Government Pension Consultation Paper

         My Ref: MRP 1/8/1

                                                              25th November 2013
                                          Circular Num: NP/330/13

To: The Secretary All Branches & Regional Councils

Dear Colleagues,


Earlier this month the Department for Works and Pensions released a consultation paper entitled “Reshaping Workplace Pensions for Future Generation”. The consultation paper sets out to carry on the Governments pension reforms, Auto Enrolment and Single State Pension, by looking at the Defined Benefit (DB) and Defined Contribution schemes in the “private sector”.

The general purpose of the consultation paper is to make DB rules more flexible and to reduce employer risk by passing some of risk onto scheme members. The consultation also aims at making DC schemes more certain for members by promising members a certain guaranteed level of income in retirement.
The proposals contained in the consultation document if legislated would allow employers the right to change future DB pensionable service rights by introducing overriding legislation and removing, what the Government see as, restraints when it comes to making such changes.

These “flexible” DB and DC schemes will be known as Defined Ambition Pension Scheme. The following points are a brief overview of the proposals to be found in the consultations paper:

Indexation (increases to pensions in payment)
•    The statutory right for employers to change scheme rules in relation to indexation of pensions in payment. This would include increases to survivor’s pension rights.

•    Removing present legislation in regards to statutory indexation.

•    There would be a statutory override to allow trust deed and rules to be changed which have indexation built into the rules of a scheme.

•    Indexation could be replaced by discretionary increases i.e. bonuses or a general increases which could be taken away at a later date if the particular pension scheme had funding problems. Member’s pensions would then be reduced back to the original “base rate”.

Normal Retirement Age (NRA)
•    The Government are proposing to allow employers to change DB scheme NRA based on improved longevity (people living longer). An example would be that life expectancy from age 65 is 20 years i.e. to age 85. Longevity then improves by 2 years so it is presumed that a member will live to age 87. The NRA is then moved to age 67 to take account of the improved 2 year life expectancy.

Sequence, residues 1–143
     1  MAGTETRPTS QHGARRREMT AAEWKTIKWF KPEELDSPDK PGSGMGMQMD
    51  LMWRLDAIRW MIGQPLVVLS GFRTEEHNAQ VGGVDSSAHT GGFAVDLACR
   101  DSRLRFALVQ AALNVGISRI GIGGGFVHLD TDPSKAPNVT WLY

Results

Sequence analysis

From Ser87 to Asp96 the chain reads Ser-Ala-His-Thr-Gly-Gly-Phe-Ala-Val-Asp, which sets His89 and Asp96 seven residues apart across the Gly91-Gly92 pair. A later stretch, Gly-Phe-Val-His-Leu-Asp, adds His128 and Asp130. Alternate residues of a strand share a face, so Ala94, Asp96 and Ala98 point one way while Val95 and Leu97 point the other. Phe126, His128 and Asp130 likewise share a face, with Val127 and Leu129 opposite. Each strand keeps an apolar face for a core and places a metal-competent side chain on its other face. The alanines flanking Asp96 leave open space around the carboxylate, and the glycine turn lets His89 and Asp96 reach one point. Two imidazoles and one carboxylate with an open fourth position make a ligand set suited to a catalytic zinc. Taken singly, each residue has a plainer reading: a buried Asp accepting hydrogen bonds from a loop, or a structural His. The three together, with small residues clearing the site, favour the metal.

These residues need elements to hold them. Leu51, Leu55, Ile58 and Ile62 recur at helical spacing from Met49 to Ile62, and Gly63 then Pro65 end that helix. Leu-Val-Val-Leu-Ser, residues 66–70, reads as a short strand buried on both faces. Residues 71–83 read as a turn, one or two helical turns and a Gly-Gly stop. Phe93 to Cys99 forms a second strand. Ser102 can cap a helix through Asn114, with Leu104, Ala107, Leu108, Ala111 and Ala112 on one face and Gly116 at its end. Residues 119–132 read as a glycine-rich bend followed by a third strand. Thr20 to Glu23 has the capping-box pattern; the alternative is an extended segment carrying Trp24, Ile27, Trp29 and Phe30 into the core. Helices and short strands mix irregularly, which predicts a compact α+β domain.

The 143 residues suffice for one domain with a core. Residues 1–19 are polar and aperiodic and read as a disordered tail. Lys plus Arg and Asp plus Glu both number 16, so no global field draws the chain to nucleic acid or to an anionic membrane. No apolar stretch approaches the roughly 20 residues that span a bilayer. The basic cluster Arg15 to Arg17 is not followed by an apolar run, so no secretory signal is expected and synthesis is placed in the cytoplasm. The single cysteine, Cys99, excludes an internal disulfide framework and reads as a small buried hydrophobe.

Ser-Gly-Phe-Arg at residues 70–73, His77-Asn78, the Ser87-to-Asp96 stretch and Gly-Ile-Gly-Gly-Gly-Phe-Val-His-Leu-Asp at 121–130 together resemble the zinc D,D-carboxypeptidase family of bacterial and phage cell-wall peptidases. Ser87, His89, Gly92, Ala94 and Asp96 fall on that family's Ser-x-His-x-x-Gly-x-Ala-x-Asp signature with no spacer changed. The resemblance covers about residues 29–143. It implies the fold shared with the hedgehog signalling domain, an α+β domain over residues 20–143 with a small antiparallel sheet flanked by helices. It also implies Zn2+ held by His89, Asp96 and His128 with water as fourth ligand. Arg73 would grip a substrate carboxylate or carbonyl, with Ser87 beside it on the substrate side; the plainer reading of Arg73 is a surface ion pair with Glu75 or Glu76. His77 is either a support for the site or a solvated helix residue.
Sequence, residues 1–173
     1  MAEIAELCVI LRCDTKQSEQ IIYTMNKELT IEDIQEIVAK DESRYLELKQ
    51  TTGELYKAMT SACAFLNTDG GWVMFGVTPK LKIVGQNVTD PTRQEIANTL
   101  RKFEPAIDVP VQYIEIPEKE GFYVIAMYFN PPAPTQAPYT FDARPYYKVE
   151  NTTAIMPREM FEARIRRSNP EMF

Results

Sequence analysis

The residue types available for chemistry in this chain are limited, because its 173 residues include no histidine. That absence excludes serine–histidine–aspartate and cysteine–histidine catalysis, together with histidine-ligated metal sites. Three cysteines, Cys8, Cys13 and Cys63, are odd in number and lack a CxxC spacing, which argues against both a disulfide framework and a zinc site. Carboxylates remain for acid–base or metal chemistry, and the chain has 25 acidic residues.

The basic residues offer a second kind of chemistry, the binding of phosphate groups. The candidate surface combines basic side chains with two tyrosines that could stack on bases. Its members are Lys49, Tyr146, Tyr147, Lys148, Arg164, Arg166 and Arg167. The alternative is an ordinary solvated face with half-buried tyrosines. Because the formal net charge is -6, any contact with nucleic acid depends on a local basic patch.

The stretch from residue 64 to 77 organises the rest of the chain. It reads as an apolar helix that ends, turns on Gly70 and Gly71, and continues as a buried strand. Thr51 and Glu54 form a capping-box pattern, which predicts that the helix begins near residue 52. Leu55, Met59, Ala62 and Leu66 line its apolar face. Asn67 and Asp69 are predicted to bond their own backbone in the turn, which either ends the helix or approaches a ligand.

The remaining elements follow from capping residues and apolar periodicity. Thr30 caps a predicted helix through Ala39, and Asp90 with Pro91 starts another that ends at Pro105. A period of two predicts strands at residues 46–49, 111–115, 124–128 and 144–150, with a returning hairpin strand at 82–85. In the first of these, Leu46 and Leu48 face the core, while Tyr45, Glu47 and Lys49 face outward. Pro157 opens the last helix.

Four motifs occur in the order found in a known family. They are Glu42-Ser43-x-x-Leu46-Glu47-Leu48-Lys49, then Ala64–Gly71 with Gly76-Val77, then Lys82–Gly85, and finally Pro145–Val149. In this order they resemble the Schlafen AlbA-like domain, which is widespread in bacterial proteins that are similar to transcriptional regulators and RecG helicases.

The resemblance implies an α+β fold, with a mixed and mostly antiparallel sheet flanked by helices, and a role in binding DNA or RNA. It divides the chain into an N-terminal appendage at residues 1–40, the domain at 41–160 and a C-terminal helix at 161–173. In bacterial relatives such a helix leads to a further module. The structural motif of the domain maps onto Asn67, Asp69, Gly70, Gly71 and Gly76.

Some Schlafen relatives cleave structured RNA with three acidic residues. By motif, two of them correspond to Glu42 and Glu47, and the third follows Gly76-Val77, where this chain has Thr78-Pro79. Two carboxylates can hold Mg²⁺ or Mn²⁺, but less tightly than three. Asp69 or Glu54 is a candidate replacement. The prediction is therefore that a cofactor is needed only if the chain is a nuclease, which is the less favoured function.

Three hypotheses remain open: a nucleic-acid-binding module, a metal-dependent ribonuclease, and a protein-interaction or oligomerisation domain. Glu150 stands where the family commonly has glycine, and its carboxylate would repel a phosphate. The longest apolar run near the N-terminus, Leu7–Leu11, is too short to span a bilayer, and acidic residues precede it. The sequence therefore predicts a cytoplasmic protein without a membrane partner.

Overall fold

•    It is also being proposed to make it easier for employers to move the schemes NRA in line with the State Pension Age by introducing overriding legislation.

Deferred Members
•    Employees who leave their employment, and therefore become deferred pension scheme members would see their accrued pension automatically converted into a transfer value which would then be transferred into DC scheme of the individual’s choice or the default DC scheme.

•    Employers could still pay a deferred member the same benefits as already promised. However, the Government are also considering whether deferred members should be made to buy an annuity as would with a DC scheme. Therefore the DB promise would be broken and replaced by inferior DC benefits. 
Defined Contribution (DC)
•    In relation to DC schemes there are a number of proposals to guarantee members a set level of income at retirement and also to make sure that their retirement benefits do not fall behind the contributions made into their DC pot i.e. a “money back guarantee”.

As I have already pointed out above the Government are trying to remove risk away from employers and onto pension scheme members. This is clear by the following statement made by the Tory/Liberal Pensions Minister who states in the consultation document:
“Removing some of the regulatory constraints imposed in the past will allow new flexible forms of defined benefit pensions, which will enable employers to continue to offer pensions to members with a high level of certainty, but with much greater flexibility over the nature of benefits provided.”

The proposals being made in relation to DB schemes are nothing more than yet another attack on the working class who will be made to work longer and receive less in retirement if any of these disgraceful proposals are legislated.

While the Government’s DC proposals attempt to give a guarantee of an income in retirement it is noted that employers will not really share any of the real risk associated with these types of arrangements. As more and more workers become reliant on DC schemes providing them with some form of pension provision in retirement, unless there are firm guarantees of a fair pension income, the proposals in the consultation paper will do nothing to stop future pensioners falling into poverty.

Only decent DB arrangements can provide such a level of income to meet workers retirement aspirations and stop more pensioners relying on state handouts. The Government is yet again shameless in waging yet another attack on decent DB final salary pension schemes.

The RMT will be responding to this consultation and will use every course of action at its disposal to protect members’ pension schemes and ensure that all workers have the opportunity to be a member of a decent DB pension scheme.
 I will keep you informed of developments.

Yours sincerely,
R. Crow
General Secretary